When you get a life cover quote you will obviously pay a great deal attention to the amount of money that you will have to pay for the cover. This is known as the life insurance premium, but what is it all about and how is it worked out?
Simply put, the premium is the cost of your insurance policy. People have paid insurers to protect against unexpected problems for centuries. During this time, the process of calculating an exact premium has turned into a major industry. From the insurer’s perspective, premium rates need to be at a level to cope with the number of insurance payouts that they are statistically likely to make.
Life insurance premiums are set by actuaries, professionals who assess risks to calculate appropriate rates, using mortality tables to help with their calculations. They use factors such as your age and gender to work out how much at risk you are of dying, and therefore what premiums you need to pay.
This is also why they ask for extra information such as your occupation, whether you smoke and about any previous health issues. All of these details are used to work out how much you need to pay, according to your mathematically calculated risk of dying during the term of the policy. This sounds quite cold, but it would be impossible to provide reliable life cover without this information.
A common misconception is that your life insurance premium builds up some sort of fund over the years that you pay it. This isn’t the case. Life cover isn’t a savings account that keeps your money separate from everyone else’s and then pays out that amount upon your death. Instead it is a guarantee that a large sum will be paid to your relatives if you die, and the amount you pay in premiums reflects the risk of that happening.
Your life cover premium is added to a common pool of funds made up of all the premiums paid by everyone who is insured by the company. These funds are then used for the following reasons:
Your premium payments, therefore, serve to keep the agreement between you and the insurer valid rather than contributing directly to what will be paid out by the policy. As long as you have paid your life insurance premiums to satisfy the terms of the policy, you’ll be eligible for a full payout amount even if you pass away very soon after taking it out and haven’t paid much in.
Annoyingly this is one of those questions that can only really be answered by saying, ‘it depends on your circumstances and the level of cover you want.’ Life insurance companies will often advertise premium rates starting as low as £5 a month, but this rate will usually be for a specific policy and age group, and you are very likely to pay more than this amount.
Generally speaking the younger you are the lower you can expect your premium rates to be. 25 year-olds can generally expect premiums in the region of £10 per month, whereas at 50 that number rises to around £25. But these are ballpark figures and estimating premiums on no information is an inexact science.
As explained above, however, your premium is determined by a variety of factors as well as your age, such as your gender, health, and if you smoke. You will also find that premium rates will jump significantly if you want to add extras such as critical illness cover, or want to take out a policy with a very large cash benefit. The best strategy is to figure out exactly what you need from a policy and then compare the different company’s who offer that level of cover.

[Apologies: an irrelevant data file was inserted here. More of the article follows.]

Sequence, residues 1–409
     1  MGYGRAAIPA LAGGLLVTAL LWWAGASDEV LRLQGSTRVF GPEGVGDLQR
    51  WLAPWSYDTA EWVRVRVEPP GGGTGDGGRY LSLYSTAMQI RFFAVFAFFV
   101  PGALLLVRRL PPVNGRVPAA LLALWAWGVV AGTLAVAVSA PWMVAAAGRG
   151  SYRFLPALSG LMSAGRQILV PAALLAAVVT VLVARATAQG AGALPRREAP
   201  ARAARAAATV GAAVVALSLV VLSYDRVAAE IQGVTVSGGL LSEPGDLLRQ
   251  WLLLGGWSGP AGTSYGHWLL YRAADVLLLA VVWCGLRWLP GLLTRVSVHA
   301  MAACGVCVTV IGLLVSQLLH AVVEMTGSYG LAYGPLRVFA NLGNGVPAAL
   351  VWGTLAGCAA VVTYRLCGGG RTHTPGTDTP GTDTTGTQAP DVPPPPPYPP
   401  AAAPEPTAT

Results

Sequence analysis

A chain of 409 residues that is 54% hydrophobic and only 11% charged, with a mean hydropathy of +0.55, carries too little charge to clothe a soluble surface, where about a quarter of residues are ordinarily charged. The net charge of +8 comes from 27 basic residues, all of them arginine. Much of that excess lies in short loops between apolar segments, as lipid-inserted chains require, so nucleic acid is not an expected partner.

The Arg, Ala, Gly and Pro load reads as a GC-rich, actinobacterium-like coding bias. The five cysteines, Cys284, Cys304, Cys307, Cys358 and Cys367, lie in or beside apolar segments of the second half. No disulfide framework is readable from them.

Usually you will have the option to pay your life insurance premium either on an annual or a monthly basis. Both of these have their advantages and drawbacks, and which one is best for you will depend on your individual circumstances. Here’s a quick summary:
Occasionally you will find policies that offer other payment options such as paying every 6 months, but typically these are the two options you will have to choose between.
One final consideration to take into account regarding your life insurance premium payments is whether you want them to be fixed or flexible. With guaranteed premiums, the amount you pay will be fixed throughout the term of the policy. If you opt for reviewable premiums, the cost will usually be fixed for the first five years, but then the insurer will review your policy at regular intervals and can increase the premium over time.
Reviewable premiums often start out cheaper than guaranteed ones, but they have the potential to increase in the future and could therefore end up being more expensive. It’s important to consider this, as the only way to get around any increases in your premiums would be to change policy, and this could end up costing you a lot more.
The best thing to do in order to find a cheap life cover policy is to research the options. Our reviews help cut through all the confusion to show you how much each policy costs, and what it actually covers. Either fill out our form to get a quote now, or have a look at our in-depth reviews and information to help you make the right choice and get a great deal on your premiums.